They were citizens of good repute and prominent in their communities. In the veins of most of them flowed the blood of patriots who had helped to make this nation beloved of those who had fought for the colonies in the French and Indian Wars, who took part in the Revolutionary War and in the War of After the round-up of those who, according to local plans, were to be punished for something or other, General Cadwallader marched his army to the head-waters of Fishing Creek, and encamped his army at the foot of the close-crowding mountains. Then followed an intensive hunt for that fort, with its two field pieces, its big brass cannon, and its five hundred desperate men.
General Cadwallader was an officer of experience and military reputation, and the search of the upper part of Columbia County was made with thoroughness, according to all the rules of military science. The soldiers who had had such pleasant, well-fed times down among the prosperous farms, fat barn-yards and orchards of the lower valley, had to clamber up steep ravines, around dangerous precipices and numberless waterfalls, through briers and huckleberry brush and almost impenetrable laurel thickets. They scoured the region; they went over into Sullivan County; they captured two old bear traps and a place where huckleberry pickers had picnicked.
But never did they find any fort, any cannon, any desperate men. Like that famed horde of ancient Spain they "Marched up a hill and they marched down again. He went down to Bloomsburg and declared, "The whole thing is a farce.
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Freeze, eminent attorney and Colonel Tate, editor of the "Columbia, Columbia County's leading newspaper. General Cadwallader returned to his quarters in Philadelphia, but the soldiers remained in the county like hostile forces in conquered territory under the leadership of Lieutenant Colonel Stuart, who was subsequently court martialed and discharged as a proven scoundrel.
Fishing Creek Confederacy | Revolvy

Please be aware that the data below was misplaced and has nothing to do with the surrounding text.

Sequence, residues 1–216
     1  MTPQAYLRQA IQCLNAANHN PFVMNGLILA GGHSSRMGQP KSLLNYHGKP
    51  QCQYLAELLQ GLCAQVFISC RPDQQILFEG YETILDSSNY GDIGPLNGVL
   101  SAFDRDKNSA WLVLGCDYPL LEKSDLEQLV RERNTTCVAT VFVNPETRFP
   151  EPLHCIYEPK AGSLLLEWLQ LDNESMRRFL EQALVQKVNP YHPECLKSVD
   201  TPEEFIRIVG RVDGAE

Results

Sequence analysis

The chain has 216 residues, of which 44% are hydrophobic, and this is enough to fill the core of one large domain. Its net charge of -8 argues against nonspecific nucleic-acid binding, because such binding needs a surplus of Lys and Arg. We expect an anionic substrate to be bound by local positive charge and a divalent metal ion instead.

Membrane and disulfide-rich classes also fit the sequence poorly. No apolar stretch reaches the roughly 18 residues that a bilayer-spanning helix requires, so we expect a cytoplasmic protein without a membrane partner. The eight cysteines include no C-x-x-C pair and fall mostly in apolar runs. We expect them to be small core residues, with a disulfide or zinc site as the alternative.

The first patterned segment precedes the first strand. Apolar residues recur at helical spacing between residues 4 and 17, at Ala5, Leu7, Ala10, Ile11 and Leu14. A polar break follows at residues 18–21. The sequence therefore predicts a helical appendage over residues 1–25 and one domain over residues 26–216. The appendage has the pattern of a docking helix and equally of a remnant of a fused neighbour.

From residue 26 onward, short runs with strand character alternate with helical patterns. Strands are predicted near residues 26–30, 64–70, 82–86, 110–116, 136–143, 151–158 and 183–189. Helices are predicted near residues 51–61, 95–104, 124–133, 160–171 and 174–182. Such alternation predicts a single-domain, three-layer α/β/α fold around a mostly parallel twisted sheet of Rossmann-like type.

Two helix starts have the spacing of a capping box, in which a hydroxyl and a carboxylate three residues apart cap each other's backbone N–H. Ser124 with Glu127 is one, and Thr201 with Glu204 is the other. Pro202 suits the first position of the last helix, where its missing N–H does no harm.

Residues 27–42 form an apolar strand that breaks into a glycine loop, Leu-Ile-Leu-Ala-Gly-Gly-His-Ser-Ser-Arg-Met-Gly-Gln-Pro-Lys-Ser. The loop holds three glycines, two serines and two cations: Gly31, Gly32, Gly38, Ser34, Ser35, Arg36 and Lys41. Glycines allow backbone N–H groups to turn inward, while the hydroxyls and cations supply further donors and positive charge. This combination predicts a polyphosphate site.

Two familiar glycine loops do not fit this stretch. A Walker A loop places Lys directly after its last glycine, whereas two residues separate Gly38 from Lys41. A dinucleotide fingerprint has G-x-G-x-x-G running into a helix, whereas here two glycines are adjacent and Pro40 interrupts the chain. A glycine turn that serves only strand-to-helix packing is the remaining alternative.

The men who had been arrested at Benton by soldiers were held in the Fort Mifflin dungeon with no charges brought against them, without a hearing of any description. The soldiers remained in the county until after the Presidential election. At time [sic] of the State election in October and the Presidential election in November, contrary to U. Law, armed soldiers were stationed at polling places and along highways in nearly every voting district to prevent Democrats from going to the polls.
As a result Columbia County went Republican in a Presidential election. Along this line it may be noted that all of the forty five men chosen to suffer at fort Mifflin were Democrats; also it may be noted that, with a single exception, none of the arrested men had been drafted or was liable to the draft. All of the Fort Mifflin prisoners were of equal standing and all are equally deserving of honorable remembrance. Daniel McHenry was the only one of the prisoners who was able to prepare a vigorous fight for a full fair defense and his case was the last to be tried. Friends collected witnesses for him and he was ably represented by counsel including Hon.
The Fishing Creek Confederacy: A Story of Civil War Draft Resistance
Freeze, Herman Alricks or Harrisburg and U. Senator Charles R. The Military Commission postponed his trial three times, each delay adding greatly to the cost of defense. He was secretly approached with offers of release but spurned such offers with a demand for a fair trial that would secure not only his own vindication but also the vindication of his fellow prisoners as the articles of accusation were practically the same in all cases.